Laughter: Physiological responses in the moment, sometimes audible
Joy: A companion of peace and contentment in the momentary circumstance
Comedy: Formulatic creations involving any of the above to evoke laughter or thoughts
I became acquainted with those studies as an improvisational actor and teaching artist. I've applied their findings to help educators work to improve student test scores and classroom management; corporate leaders to strive toward more productive work environments; and teens to grapple with interpersonal communication in an increasingly impersonal world. These are similar needs I've encountered among Christ-following students, teachers, parents and colleagues in my travels as a staff pastor and conference presenter but it's not data widely investigated.
Usually through a study of Proverbs, James, the red letters of Christ and the epistles, the researched, benefits of humor have taken a deeper meaning as I've recognized their roots in Scripture. Sort of a #HolySpiritDOH!
Humor is about healthy communication. Consequently, these questions came to mind: What in your life or ministry are you taking life and ministry too seriously? As in, you can't let it go, even at home or overnight? So seriously it's affecting your relationships or even your walk with God? How are you managing them?
Captain Bligh or Mr. Christian?
Often in the wake of headline-grabbing news, among my circles of not-yet-believing friends, I wind up engaged as the spokesman, the apologetic, to whom they ask, "How come Christians…?" at which point I'm queried about statements a highly visible Christian (read: televangelist or celebrity) made in the midst of the public crisis. The questions are generally earnest, not hostile, but my alter ego is internally taking my brethren to task shouting: "Could you use a little discernment here?" The same thing happens when I come across some Facebook threads during the week from people I sat near in church on Sunday. ("Did ya sleep through the compassion sermon?")
The exchanges bring to mind the words of Mahatma Ghandi, who embraced Christ's tenets of nonviolence when leading India's battle for independence from the British Empire: "I like your Christ, I do not like your Christians. Your Christians are so unlike your Christ."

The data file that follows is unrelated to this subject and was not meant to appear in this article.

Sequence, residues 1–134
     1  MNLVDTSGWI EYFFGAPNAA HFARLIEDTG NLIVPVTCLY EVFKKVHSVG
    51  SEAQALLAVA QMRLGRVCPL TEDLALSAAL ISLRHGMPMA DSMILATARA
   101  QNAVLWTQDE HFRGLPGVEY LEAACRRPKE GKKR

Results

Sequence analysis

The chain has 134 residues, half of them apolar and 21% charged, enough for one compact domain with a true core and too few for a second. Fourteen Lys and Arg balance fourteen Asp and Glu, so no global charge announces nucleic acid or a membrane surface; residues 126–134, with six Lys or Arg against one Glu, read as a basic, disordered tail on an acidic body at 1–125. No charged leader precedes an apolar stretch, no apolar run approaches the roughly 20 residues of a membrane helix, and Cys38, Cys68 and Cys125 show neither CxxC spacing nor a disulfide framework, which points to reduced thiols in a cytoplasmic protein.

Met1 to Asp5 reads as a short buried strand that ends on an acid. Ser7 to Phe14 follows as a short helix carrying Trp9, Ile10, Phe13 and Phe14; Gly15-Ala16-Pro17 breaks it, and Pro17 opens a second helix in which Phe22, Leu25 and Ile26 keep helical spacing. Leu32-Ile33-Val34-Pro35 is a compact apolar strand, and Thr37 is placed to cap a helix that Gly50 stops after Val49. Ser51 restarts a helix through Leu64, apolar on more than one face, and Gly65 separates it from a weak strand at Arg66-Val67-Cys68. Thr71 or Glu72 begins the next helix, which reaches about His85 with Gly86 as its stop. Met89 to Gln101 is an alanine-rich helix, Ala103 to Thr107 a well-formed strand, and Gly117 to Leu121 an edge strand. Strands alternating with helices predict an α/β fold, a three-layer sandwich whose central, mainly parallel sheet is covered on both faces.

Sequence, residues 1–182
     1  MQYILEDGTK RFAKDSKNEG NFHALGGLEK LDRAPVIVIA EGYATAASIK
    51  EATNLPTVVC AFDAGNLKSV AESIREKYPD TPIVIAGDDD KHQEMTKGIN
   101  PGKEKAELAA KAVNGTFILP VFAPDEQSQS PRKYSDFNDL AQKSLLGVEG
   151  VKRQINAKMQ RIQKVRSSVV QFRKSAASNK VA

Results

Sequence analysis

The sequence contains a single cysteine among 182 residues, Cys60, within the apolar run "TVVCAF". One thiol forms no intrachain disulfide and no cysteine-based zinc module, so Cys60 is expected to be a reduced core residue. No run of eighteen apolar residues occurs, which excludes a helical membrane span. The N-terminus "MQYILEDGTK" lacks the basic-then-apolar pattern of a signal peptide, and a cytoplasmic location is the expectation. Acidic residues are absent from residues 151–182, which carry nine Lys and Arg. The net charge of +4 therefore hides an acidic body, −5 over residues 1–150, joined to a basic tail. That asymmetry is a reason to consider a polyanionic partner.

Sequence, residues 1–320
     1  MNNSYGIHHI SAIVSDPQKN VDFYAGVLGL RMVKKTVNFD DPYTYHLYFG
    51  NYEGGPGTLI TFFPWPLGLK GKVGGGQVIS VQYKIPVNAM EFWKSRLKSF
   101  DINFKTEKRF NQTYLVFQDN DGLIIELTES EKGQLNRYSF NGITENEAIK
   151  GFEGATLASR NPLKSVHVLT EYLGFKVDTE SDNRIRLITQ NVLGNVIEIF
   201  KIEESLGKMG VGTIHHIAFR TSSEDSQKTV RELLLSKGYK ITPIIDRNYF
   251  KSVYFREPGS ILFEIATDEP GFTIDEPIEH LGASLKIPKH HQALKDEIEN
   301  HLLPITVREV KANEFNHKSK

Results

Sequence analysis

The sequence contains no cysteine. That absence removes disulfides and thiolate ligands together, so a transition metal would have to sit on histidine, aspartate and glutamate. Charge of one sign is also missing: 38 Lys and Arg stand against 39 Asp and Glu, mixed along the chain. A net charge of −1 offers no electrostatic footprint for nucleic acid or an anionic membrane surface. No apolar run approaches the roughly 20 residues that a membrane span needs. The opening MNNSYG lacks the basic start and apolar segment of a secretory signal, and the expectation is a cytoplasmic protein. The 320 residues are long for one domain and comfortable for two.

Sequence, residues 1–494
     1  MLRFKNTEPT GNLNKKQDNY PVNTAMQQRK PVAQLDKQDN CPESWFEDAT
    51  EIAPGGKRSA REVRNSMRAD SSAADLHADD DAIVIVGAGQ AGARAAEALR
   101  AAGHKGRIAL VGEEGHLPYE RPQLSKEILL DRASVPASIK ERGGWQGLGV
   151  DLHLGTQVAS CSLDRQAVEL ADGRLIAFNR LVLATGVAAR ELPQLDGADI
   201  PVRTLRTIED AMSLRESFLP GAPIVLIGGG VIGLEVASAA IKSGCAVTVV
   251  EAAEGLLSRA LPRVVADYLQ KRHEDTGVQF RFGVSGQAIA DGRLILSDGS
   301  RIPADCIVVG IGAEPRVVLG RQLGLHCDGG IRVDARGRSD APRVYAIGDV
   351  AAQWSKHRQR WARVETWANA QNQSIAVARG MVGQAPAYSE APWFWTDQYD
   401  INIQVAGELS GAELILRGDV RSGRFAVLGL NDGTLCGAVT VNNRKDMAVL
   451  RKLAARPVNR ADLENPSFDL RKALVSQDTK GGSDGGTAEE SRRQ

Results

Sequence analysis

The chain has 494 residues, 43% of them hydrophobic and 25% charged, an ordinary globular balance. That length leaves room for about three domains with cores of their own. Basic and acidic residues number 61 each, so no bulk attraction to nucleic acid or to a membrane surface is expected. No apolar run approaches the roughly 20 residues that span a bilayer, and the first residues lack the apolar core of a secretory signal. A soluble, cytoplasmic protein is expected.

Author Leslie Leyland Fields better articulated the dilemma in a recent "Christianity Today" story, "Why Can't Christians Laugh Anymore?" She recounts that the response to a satirical political blog she wrote: "became so heated and vitriolic that I had to take the post down the next day." The heat and vitriol, she said, came from mostly Christian readers.
"What's happening to us?" Fields asks. "We seem to have lost not only our sense of tolerance and civility, but worse, our sense of humor."
One answer: it's not that we have lost our sense of humor, it's that we do not understand humor. We confine it. Its love, grace and truth.
One of my mentors, Pastor Rod King, embodied those tenets when I was beginning in ministry work. Pastor Rod was in charge of pastoral care on our staff. In the middle of a dour encounter with some church brethren, I began complaining. Repeatedly. "I like ministry," said the septuagenarian simply, "Ministry wouldn't be bad" The veteran USO trouper paused for effect. "If it wasn't for the people." Rod got his laugh. The load was lightened. The meeting went on. I remained on staff13 more years, surviving because Pastor Rod employed one of the strongest benefits of humor: bridging conflict.